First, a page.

UI text guidelines for SharePoint web parts
One aspect of creating effective web parts in SharePoint is to use simple, understandable, and concise UI text. By keeping your message clear and easy to understand, you ensure that customers move through your experiences quickly and can identify the content they are looking for. This article provides guidance for writing UI text for key areas within SharePoint web parts.
Use sentence casing (first letter of first word is capitalized, the rest all lowercase) for all UI elements, including buttons, page titles, and control labels.
- The first word of a new sentence.
- The word following a colon in a title or heading. For example, "Step 1: Begin by entering your account information."
- Proper nouns, such as the names of people, cities, and so on.
Follow the basic rules of punctuation to avoid grammatical errors in your experience. The following table provides guidance and reminders about what punctuation to use when, and why.
|Colons (:)||Use colons if you are introducing a list in the web part description.
Don't use colons in UI labels.
|Choose one of the following: Cats, Dogs, Quokkas|
|Commas (,)||Use serial commas (including before the word "and").||I like cats, birds, and dogs.|
|Ellipses (…)||Use ellipses to show truncation and for progress indicator strings.
Don't use ellipses to indicate that the user must make further choices.
|Truncation: Last modified by John Armstr…
Progress indicator: Uploading…
|Periods (.)||Use periods as you normally would for descriptions.
Don't use periods in titles, headings, or labels. Don't use periods for radio button options or check boxes.
|Select the content that you want to highlight and how you want it displayed. Use a filter to narrow your selection.|
Voice and tone
Crafting the right tone in your product communication is essential to building a strong, lasting relationship with your audience. Try to keep your words crisp and clear, warm and relaxed, and approachable. How you talk to your audience influences how they engage with your site and content, and how much value they derive from it.
- Use a casual, conversational tone in the UI.
- Use contractions. For example, use "can't" instead of "cannot".
- Read your UI text out loud to test the tone. Does it sound like everyday language?
- Use simple words.
- Remove technical details if they're not relevant to the user experience.
- Use "Please" only if you are inconveniencing the user. Avoid overuse.
- Use "Sorry" only in error messages in SharePoint that result in serious problems for the customer.
- Clutter the UI text with unnecessary repetition. Make every word meaningful.
Avoid pronouns in UI elements if possible. If you can say something equally well without using a pronoun, don't use it.
If your design does warrant using pronouns, apply the following guidelines to make sure that you're using them correctly.
- Use second person ("you" or "your") when you're presenting something that belongs to the user. For example, "Your drafts" or "Your images".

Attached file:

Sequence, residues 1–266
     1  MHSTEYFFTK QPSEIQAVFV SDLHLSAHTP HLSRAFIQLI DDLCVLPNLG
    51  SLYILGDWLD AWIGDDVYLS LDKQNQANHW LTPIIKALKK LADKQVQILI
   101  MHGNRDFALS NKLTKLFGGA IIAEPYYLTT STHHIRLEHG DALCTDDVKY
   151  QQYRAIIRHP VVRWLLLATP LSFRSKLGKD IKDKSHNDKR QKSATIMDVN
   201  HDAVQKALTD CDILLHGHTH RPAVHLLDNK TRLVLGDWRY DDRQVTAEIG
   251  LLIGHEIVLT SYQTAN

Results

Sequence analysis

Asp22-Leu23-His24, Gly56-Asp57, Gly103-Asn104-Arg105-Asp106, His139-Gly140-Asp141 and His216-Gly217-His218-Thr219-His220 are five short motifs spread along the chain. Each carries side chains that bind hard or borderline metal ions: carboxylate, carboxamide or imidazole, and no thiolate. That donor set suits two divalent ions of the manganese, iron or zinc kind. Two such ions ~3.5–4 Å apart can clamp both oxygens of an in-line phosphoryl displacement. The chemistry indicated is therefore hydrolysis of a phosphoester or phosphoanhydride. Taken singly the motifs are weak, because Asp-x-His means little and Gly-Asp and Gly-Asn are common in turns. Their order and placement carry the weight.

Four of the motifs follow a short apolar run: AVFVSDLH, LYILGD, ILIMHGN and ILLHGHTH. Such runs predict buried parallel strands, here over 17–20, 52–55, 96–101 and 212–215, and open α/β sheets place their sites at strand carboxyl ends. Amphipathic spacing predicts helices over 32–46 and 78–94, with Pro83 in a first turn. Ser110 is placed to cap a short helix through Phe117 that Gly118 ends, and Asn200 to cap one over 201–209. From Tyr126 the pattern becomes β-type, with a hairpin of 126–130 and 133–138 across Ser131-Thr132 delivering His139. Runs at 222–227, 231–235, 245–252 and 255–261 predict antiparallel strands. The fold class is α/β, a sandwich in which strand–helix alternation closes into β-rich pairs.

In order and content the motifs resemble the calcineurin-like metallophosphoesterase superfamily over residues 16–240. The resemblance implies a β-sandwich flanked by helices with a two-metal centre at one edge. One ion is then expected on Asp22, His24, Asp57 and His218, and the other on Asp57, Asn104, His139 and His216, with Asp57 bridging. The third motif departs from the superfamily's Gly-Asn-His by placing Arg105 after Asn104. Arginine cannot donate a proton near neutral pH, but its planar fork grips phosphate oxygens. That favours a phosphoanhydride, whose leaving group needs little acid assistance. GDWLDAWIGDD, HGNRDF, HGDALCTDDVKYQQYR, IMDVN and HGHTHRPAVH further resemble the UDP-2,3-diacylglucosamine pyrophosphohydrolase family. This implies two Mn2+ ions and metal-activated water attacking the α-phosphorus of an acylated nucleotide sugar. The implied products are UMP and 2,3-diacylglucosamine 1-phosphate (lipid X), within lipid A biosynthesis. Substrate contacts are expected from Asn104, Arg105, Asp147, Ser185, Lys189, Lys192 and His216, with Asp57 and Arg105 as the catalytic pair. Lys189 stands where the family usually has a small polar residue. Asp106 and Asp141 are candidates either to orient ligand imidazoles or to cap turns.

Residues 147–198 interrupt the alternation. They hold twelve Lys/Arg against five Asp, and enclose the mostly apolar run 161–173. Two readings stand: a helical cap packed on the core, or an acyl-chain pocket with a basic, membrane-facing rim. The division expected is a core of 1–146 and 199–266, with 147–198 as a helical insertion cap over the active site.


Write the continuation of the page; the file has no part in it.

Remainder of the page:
- Use first person ("me" or "my") for UI in which the user instructs the service to do something. For example, "Alert me when someone responds to my post."
- Use "they" or "their" as a singular possessive modifier to avoid awkward "he/she" or "his/her" constructs. Ideally, rewrite the sentence as plural if possible.
- Avoid using "them"; instead, use words like "someone" or "people". For example, "Enter a user name and domain to give someone permission to use this PC."
- Use third person references, as they sound impersonal and can create a disconnected customer experience. Instead of saying "Users can change the layout", use a phrase like "You can change the layout".
Error conditions are inherent in any software or service. Your error messages can affect the overall user satisfaction with the product. A good error message should do the following:
- Clearly identify what happened and why.
- Provide a workaround or resolution suggestions.
- Show empathy.
The following is an example of an error message that occurs when a user tries to edit a page that's checked out by another user.
|You can't edit right now|
|Another user is currently editing this page. Please try again in a few minutes.|
Links to help articles
Make an effort to link strategically to help articles. Try to anticipate where the user might need help, and then include a link to the help article close to that UI element. The following are some key things to remember when you place help article links in your UI.
- Keep the in-product help links specific. Ensure that the target article is appropriate. When the user opens the article, they should be able to locate the information they need.
- Use natural language for your hyperlinks.
- Put a help article link next to every UI element. This results in visual noise.
- Include multiple links that go to the same target in the same UI.
- Use "click here" for the text for your hyperlink.
Hint text, or ghost text, is the text element you display in a UI element, typically a text box, to help the user interact with the UI. The hint text gives information about what the user should enter. For example, it might mention field restrictions or show an example.
- Use hint text sparingly, and only if it helps the user. Not all UI elements require hint text. For some complex fields, hint text can help provide more context and clarity. For example, if you have a field that requires the user to enter a secured URL, the hint text https://www.example.com might be more helpful than the text Enter secure URL here.
- Repeat the label. For example, if you have a text box with the label Name, the hint text Enter name is redundant and potentially confusing.
The following hint text is for the embed web part. The text field can accept a secure website address or an iframe embed code. The text shows an example of both.